Index ~ Home

 

 

 

The Canterbury Tales By Geoffrey Chaucer - 1380

 

THE LAWYER'S PROLOGUE

O Hateful evil! State of Poverty!
With thirst, with cold, with hunger so confounded!
To ask help shameth thy heart's delicacy;
If none thou ask, by need thou art so wounded
That need itself uncovereth all the wound hid!
Spite of thy will thou must, for indigence,
Go steal, or beg, or borrow thine expense.
Thou blamest Christ, and thou say'st bitterly,
He misdistributes riches temporal;
Thy neighbour dost thou censure, sinfully,
Saying thou hast too little and he hath all.
"My faith," sayest thou, "sometime the reckoning shall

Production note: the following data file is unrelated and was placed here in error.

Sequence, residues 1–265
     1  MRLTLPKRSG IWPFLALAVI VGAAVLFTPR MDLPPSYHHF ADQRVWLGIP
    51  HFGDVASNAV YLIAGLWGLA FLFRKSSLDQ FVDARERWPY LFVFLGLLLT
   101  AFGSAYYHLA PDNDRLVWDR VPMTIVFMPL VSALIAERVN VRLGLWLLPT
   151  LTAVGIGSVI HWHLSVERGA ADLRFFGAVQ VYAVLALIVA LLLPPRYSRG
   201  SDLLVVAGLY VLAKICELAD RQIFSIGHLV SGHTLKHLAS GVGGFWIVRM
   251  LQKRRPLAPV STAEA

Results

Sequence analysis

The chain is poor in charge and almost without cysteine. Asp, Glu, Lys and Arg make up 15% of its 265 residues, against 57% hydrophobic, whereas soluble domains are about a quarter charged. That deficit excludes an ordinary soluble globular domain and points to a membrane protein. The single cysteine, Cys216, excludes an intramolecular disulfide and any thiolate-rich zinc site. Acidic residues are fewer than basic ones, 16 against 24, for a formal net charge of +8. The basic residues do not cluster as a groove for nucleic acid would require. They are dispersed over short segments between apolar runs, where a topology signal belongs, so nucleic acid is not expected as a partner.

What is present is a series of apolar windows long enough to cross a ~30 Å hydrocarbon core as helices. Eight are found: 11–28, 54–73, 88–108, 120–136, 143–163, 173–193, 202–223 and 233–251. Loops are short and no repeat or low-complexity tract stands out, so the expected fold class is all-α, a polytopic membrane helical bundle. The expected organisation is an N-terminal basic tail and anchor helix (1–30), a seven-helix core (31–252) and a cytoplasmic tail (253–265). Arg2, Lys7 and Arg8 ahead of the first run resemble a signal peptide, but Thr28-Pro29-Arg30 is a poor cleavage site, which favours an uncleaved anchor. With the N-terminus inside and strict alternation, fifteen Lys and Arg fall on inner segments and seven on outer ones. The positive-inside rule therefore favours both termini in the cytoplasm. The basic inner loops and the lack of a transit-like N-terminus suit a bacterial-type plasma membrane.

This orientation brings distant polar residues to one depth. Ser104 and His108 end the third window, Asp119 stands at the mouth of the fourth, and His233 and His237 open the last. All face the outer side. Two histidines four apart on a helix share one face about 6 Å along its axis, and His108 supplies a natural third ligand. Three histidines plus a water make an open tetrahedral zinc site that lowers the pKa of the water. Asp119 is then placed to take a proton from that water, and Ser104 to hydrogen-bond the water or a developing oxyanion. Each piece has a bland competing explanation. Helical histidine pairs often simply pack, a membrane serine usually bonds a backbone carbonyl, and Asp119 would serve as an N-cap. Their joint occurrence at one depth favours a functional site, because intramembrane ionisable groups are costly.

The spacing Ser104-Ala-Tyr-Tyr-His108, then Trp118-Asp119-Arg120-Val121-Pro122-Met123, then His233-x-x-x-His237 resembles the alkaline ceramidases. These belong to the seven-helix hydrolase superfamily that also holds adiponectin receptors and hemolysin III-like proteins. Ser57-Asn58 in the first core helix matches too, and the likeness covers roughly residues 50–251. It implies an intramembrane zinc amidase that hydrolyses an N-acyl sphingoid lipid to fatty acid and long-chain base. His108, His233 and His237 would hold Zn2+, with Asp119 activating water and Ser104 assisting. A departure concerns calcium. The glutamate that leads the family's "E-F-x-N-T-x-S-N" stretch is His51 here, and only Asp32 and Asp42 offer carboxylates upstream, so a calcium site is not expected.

Come on him, when his tail shall burn for greed,
Not having helped the needy in their need."
Hear now what is the judgment of the wise:
"Better to die than live in indigence;"
"Thy very pauper neighbours thee despise."
If thou be poor, farewell thy reverence!
Still of the wise man take this full sentence:
"The days of the afflicted are all sin."
Beware, therefore, that thou come not therein!
"If thou be poor, thy brother hateth thee,
And all thy friends will flee from thee, alas!"
O wealthy merchants, full of weal ye be,
O noble, prudent folk in happier case!
Your dice-box doth not tumble out ambsace,
But with six-cinq ye throw against your chance;
And so, at Christmas, merrily may ye dance!
Ye search all land and sea for your winnings,
And, as wise folk, ye know well the estate
Of all realms; ye are sires of happenings
And tales of peace and tales of war's debate.
But I were now of tales all desolate,
Were 't not a merchant, gone this many a year,
Taught me the story which you now shall hear.
HERE ENDS THE LAWYER'S PROLOGUE

Next The Lawyer's Tale